It is heartwarming to note that the chief writers of the NT epistles, Paul, James, Peter and John all have something to say about elders. Paul writes to help us identify them; James, the practical man, pictures them standing ready to help at a moment’s notice; John, the beloved apostle, addresses problems in the church introducing himself as “the elder.” But it is Peter, the apostle commissioned by the Lord Jesus to feed His sheep, who pens words of encouragement to fellow shepherds everywhere.
A Classic Passage for Elders
In a brief passage occupying only 4 verses (1 Peter 5:1-4 KJV), Peter begins with an exhortation and ends with a promise. And what a promise! The Shepherd over all shepherds will come and reward His faithful servants with a glorious eternal crown and His own approval. In light of what we know about New Testament churches and their struggles in that day, we can hardly imagine what joy a letter from the very apostle Peter himself would bring to disheartened elders in churches through- out the empire. In this world, shepherds don’t normally wear crowns……..
Elder Rule; the Norm for Church Leadership
Consider how Peter might have introduced himself to church leaders. He might have reminded them of his years with the Lord and consequent spiritual authority. But in addition to the statement at the beginning of the letter that he was an “apostle of Jesus Christ,” (1:1) he now describes himself simply as an elder among elders (literally a “co-elder”). There is nothing here of superiority such as the “presiding bishop” of modern usage. One thinks of his reply to Cornelius in earlier years when that Roman dignitary attempted to fall before him in worship: “Stand up, I myself am also a man.” (Acts 10:26). Dr. Wilbur M. Smith used to say with a twinkle in his eye “What words are these from the first Pope?”
If there was anything extraordinary by way of credentials to which Peter might appeal, it was that he witnessed the sufferings of One greater than any to whom he wrote, and also that he would share in the coming glory (cp. II Pet. 1:16). Many were facing hard times of rejection and loss, and wherever a company of believers gathered, they were like the harmless and vulnerable sheep of a flock, living in a world filled with dangers. But God would always ensure that some of the brothers would quietly rise to the challenge and work together to care for the sheep. As a team, they too must be men of compassion for suffering, and men of hope looking forward to the glory awaiting. Peter addresses elders as men who would be working simply “among you.”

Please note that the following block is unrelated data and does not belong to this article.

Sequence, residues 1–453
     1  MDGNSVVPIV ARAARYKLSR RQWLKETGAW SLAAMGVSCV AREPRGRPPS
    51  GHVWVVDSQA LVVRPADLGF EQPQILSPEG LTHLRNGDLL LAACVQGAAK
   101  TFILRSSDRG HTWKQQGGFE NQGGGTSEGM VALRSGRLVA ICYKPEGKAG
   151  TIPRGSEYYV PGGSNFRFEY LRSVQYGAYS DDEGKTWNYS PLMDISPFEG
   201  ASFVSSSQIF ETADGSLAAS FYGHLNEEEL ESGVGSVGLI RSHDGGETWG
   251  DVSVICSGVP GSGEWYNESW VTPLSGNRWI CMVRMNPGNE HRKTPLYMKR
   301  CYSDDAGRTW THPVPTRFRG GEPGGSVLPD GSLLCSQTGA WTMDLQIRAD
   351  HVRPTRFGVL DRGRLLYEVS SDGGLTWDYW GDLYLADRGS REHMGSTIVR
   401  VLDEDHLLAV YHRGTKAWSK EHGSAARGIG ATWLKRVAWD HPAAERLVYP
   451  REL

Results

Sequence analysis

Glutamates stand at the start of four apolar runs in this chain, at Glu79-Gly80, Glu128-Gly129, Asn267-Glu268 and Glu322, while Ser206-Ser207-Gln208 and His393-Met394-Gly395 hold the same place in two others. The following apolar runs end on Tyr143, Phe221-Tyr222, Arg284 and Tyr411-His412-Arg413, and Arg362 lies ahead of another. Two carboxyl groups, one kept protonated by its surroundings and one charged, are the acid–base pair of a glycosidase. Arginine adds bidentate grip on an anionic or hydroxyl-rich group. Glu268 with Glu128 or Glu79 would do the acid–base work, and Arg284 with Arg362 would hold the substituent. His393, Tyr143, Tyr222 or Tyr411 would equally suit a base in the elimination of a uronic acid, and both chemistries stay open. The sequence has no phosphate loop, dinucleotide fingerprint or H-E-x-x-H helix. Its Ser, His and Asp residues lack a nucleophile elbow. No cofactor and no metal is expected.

The first charge Peter gives to elders is to feed or shepherd God’s people. This entails not only the supply of spiritual food, but the balancing counterpart of “taking the oversight” – a work that both implies and requires spiritual authority. Elders are not self-appointed, but serve with the backing of Him Who “made” them elders, as Acts 20:28 declares.
Two other points should be noted. Peter did not call them “shepherds,” but used the verb form meaning “to feed” or “to do shepherding work.” This is important, though often misstated as we sometimes hear of “elders,” “overseers,” and “shepherds” being three synonymous descriptions of church leaders. Actually, the only individual called a “shepherd” in connection with the church, is Christ Himself as in vs. 4, “the Chief Shepherd.” Peter had spoken earlier of Him as “the Shepherd and Overseer of your souls.”(2:25NKJV).
Scripture carefully avoids making any spiritual gift an essential requirement for eldership. In Eph. 4:11, we do read of gifted men, “the evangelist,” “the pastor,” and “the teacher.” But in relating these gifts to spiritual leadership in the church, the Spirit of God has required only that they be “apt to teach,” (I Tim. 3:2), willing to “shepherd the flock” (as in this passage), and willing to “do the work of an evangelist.” (II Tim. 4:5), thereby emphasizing the work and not the gift.